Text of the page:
My experience with The Tiny Book of Tiny Stories was so very similar to these previous experiences, it reminded me and made me wonder WHY I haven't been reading more like this. Maybe there just isn't as much available as I'd like. Some of the stories were cute or pleasing enough, but others were humorous, and ironic, and some knocked me flat with the truth of them.

Click to view larger versions.

These were two of my favorites: the top has a touch of "The Story of an Hour" to it and the bottom one was just wonderfully, comically morbid.

I feel sort of guilty describing this book in terms of other books, but that's what this tiny volume did for me. It took me back to a couple of different times in my life (both of which were GREAT times to revisit), but it also gave me fresh stories and delivered them in a way I hadn't experienced in a long while.

I'm extremely pleased to report that this is the first in a three-volume set of Tiny Books. You can rest assured I will collect every stinkin'-adorable, sassy one of them for my book stash.

Snuggle (with big, squishy cheek pinching) -- Skewer

Pub. Date: December 2011
Publisher: It Books (an imprint of HarperCollins)
Format: Hardcover
ISBN-10: 0062121669
Source: It Books/HarperCollins sent along a copy for review.

Monday, December 12, 2011

BBHS: The Gift Has Landed!

It's been my pleasure to participate in the Book Blogger Holiday swap (click the pic for a direct link) for the last few years, and this year was as delightful as ever! I had a great time discovering my Santee's, Jodie's blog...Uniquely Moi Books. Don't worry, she's already received her gift, so I'm not letting the Santa out of the bag. :)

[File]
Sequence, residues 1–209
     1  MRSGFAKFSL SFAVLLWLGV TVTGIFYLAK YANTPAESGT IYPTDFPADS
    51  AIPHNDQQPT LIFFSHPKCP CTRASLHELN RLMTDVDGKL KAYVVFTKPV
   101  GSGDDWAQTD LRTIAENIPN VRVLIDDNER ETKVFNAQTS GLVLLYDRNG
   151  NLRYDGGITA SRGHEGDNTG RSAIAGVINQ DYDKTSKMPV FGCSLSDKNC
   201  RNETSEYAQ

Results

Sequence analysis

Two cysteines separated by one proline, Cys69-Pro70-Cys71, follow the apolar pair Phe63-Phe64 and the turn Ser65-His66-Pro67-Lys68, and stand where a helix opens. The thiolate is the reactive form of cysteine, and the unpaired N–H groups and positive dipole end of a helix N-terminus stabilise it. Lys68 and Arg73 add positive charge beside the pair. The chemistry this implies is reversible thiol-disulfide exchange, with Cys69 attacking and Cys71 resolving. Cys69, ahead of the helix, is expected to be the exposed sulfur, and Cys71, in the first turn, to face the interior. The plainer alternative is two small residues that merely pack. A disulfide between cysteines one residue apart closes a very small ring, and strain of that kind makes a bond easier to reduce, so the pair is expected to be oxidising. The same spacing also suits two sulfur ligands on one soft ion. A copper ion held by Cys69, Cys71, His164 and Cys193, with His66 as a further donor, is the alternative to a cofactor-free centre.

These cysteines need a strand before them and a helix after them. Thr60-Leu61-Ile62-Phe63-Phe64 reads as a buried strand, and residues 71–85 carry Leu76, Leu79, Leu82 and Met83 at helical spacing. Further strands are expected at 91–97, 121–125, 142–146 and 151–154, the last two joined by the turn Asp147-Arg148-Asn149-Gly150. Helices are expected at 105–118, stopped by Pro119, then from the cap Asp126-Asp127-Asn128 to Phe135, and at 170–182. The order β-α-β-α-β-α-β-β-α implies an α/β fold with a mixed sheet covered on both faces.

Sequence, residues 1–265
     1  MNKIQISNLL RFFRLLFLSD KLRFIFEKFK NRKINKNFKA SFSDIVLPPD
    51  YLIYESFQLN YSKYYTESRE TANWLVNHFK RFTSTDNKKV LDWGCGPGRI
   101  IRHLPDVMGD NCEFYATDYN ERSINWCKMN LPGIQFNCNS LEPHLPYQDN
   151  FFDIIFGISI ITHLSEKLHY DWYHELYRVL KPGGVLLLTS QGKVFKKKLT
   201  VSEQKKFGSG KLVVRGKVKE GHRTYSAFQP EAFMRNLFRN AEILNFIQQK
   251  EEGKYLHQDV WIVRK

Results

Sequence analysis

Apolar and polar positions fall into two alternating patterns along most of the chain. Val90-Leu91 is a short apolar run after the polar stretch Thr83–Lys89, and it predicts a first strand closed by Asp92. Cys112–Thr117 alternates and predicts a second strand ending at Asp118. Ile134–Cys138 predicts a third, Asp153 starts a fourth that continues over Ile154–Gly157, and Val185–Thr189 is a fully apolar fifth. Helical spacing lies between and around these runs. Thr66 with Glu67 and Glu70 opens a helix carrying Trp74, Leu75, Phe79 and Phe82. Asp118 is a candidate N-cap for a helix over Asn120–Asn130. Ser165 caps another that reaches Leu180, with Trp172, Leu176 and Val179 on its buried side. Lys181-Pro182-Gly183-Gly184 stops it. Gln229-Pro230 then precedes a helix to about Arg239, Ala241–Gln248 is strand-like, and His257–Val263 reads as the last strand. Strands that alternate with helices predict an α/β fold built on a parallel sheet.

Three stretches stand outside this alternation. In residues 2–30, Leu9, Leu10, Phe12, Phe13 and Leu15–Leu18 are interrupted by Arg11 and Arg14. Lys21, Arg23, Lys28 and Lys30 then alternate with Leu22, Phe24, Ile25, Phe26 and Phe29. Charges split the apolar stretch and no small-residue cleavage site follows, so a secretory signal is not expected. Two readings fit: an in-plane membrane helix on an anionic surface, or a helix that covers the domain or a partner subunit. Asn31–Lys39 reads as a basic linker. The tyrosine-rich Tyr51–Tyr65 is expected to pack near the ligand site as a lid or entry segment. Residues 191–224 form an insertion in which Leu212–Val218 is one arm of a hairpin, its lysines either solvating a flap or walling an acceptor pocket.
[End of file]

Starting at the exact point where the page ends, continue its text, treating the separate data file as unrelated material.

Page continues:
Friday evening, I headed out of town with two of my girlfriends and spent some quality time playing the Wizard of Oz slot machines at a nearby casino. I never do stuff like that, but the girls wanted a change of scenery, and it was a lot of fun. Halfway through my girls night, my mother texted to let me know my Secret Santa box had arrived at the house and I tooootally SQUEEED with delight.

I'm not one to wait until Christmas (way too impatient for that), so I tore into the box as soon as I arrived home.

I was delighted to find a box from Stacy at Stacy's Books! Stacy was very thoughtful and sent some really wonderful goodies my way. First was a tote from Barnes and Noble that I adore. I've eyeballed this thing for years, never taking the plunge to buy it for myself! She also included one of my wishlist books: The Red Garden by Alice Hoffman. I've been lusting after it for a while now as the blurb reminds me of my very favorite Alice Hoffman book, Blackbird House. And also included in my bag: a pink folding snowflake mirror. It's adorable and just what I've been looking for to carry in my purse.